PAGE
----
There have been plenty of ‘great’ sides in rugby union in its 146-year international history, a handful of ‘great’ England sides during that time and just three ‘great’ English teams that have secured back-to-back Grand Slams, but this Saturday that club can grow to four and the feeling that what Eddie Jones is currently achieving with his side is not so much great as it is legendary.
England have not lost since 2015, they have the chance to break the record number of consecutive Test wins and, behind the scenes, they are trying to structure a last-minute deal that could trigger the end of New Zealand’s reign as the dominant force in world rugby.
That last point may be pushing it one step too far, but it’s worth noting that England’s next match with their full-strength side after Saturday’s Six Nations finale against Ireland could be an almighty collision with the All Blacks on 4 November, should the Rugby Football Union reach an agreement with their New Zealand counterparts for an additional autumn international this year.
Whether England head into that proposed match as a ‘great’ unbeaten side, or as Six Nations champions looking to get back to winning ways, depends on this weekend’s events – as well as a two-Test summer tour of Argentina that coincides with the British and Irish Lions schedule. Jones takes his side to Dublin looking to take the next step towards his target of winning the 2019 Rugby World Cup, though the short-term plan is to add the Grand Slam clean sweep to the championship they already have in the bag thanks to their unassailable lead in the table.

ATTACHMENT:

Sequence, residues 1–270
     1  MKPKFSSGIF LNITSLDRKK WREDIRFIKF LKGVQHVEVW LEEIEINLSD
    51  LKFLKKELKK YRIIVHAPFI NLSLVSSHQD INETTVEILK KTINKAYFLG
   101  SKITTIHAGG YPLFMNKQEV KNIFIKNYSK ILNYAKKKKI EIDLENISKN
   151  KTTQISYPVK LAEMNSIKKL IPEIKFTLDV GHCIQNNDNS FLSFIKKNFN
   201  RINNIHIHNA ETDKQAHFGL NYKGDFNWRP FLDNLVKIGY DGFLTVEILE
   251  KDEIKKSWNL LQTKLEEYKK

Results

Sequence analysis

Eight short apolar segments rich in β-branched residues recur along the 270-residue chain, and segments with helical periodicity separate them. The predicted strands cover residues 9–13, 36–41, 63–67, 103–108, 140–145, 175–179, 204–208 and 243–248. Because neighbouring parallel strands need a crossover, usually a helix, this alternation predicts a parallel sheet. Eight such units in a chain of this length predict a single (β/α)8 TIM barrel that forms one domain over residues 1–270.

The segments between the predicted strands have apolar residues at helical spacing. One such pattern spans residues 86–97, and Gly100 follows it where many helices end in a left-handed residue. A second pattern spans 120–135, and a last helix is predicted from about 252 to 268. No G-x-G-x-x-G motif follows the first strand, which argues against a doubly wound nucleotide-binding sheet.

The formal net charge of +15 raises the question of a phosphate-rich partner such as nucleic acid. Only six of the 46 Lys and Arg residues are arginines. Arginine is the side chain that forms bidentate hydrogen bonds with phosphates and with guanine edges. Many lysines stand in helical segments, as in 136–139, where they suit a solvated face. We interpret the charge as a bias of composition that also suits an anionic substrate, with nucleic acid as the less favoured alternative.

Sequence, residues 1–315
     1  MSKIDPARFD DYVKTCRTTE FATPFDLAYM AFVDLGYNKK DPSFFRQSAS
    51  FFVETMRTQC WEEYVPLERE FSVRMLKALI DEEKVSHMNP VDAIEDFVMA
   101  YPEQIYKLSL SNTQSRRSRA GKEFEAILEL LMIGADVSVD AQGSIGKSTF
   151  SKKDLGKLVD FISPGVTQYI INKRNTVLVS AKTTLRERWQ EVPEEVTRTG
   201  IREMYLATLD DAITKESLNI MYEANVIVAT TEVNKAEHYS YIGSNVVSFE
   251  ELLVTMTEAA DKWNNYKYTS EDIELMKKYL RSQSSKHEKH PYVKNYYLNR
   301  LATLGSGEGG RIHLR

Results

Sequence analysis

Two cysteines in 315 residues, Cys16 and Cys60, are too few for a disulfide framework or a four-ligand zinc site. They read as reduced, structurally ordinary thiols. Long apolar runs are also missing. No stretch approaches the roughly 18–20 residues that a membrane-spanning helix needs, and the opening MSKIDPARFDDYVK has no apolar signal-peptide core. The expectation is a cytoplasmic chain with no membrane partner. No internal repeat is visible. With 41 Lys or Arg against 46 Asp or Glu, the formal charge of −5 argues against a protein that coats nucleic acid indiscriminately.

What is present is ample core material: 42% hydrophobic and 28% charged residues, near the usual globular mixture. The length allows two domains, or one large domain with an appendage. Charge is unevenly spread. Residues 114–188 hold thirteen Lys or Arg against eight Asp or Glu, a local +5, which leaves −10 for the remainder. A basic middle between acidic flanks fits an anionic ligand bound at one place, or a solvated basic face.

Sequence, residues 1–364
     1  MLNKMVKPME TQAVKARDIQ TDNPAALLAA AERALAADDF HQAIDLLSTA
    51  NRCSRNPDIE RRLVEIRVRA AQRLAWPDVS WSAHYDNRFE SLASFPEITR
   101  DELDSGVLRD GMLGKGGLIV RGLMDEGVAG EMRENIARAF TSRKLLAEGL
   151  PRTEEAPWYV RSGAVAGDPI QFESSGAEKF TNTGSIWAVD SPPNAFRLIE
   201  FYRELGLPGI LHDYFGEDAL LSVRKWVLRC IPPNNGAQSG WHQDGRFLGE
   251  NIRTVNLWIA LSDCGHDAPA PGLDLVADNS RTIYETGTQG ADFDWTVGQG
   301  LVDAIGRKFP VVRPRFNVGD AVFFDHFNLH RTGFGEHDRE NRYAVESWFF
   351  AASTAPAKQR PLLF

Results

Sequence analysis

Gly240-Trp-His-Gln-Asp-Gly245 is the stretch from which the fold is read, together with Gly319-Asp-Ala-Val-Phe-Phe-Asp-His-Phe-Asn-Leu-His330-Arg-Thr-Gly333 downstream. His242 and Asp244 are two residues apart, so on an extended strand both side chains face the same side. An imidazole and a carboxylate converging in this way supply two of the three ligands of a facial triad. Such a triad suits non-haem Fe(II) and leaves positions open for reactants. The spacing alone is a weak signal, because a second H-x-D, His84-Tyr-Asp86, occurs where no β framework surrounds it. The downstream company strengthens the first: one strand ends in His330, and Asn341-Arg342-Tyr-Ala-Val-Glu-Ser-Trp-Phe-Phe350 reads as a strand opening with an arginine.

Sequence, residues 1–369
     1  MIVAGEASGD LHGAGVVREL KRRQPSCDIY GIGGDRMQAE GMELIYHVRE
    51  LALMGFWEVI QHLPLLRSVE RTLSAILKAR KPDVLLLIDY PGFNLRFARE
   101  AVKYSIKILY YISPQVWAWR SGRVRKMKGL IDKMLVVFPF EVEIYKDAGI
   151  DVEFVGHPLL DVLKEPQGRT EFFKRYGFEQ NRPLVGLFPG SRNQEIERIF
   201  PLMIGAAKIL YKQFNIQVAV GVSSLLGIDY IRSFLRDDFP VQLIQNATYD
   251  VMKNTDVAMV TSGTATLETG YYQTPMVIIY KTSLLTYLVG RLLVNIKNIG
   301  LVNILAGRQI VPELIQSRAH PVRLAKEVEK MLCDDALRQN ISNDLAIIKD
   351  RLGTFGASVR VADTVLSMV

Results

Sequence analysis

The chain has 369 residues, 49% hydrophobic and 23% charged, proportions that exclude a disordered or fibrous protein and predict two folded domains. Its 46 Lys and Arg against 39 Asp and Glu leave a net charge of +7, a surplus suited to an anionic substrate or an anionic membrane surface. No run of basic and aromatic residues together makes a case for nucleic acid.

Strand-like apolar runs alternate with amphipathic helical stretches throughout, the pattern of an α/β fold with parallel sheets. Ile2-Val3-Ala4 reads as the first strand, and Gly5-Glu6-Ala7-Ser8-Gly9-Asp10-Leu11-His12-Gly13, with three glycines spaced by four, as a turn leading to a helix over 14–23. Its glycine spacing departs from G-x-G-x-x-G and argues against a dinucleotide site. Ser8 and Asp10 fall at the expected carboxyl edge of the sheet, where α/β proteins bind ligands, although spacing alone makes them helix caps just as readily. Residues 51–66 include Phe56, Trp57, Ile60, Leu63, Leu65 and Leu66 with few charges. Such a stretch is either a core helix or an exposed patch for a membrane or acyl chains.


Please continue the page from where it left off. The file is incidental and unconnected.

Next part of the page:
Yet Jones is sending out mixed messages. He was quick to talk up England’s chance to become great if they triumph at the Aviva Stadium, yet claimed “we’re not good enough” to win the World Cup yet. He was happy to praise the team’s preparations this week, and then laid all the credit at Stuart Lancaster’s feet, his predecessor who led England to four consecutive second-place finishes in the Six Nations and their worst ever Rugby World Cup performance.
"It won't be an achievement for me, it will be an achievement for the team,” Jones said on Thursday. “We are in this together, coaching staff, staff and the players, we all work together. The guy I think again that should get a lot of credit for the team's success is Stuart Lancaster. He was the guy that brought this team through, went through some hard yards with them, most of the players are still the same.”
That record is harsh on Lancaster, as though he was unable to see England over the line, Jones is right in crediting the current Leinster senior coach with planting the roots of this potential record-breaking team. "I know he's batting on the other side now so I don't know who he's barracking for on Saturday,” Jones added, smile firmly on display.
“I don’t deserve the credit because I’m honoured to coach England and I got them at a good stage. A lot of the groundwork has been done. We have a fantastic group of players and the credit belongs to them.”
But something is clearly different. A team has never gone 18 Tests without a blip along the way apart from the All Blacks, the side that has won the last two World Cups. So what is England’s secret?
“I think as a team it is definitely the best team I have ever been a part of,” scrum-half Danny Care said. “You look around the changing room and there are a lot of world class players in a lot of positions. But we won’t get ahead of ourselves and the aim is to be No 1 and we still have a lot of work to do for that. Winning that next game will be a huge achievement for us first.
Care adds: “Everything seems to be clicking and going in the right direction. It’s not just our attack or our defence, it’s everything. The set-piece, the boys up front are doing an unbelievable job setting the bar there, giving us some fantastic ball.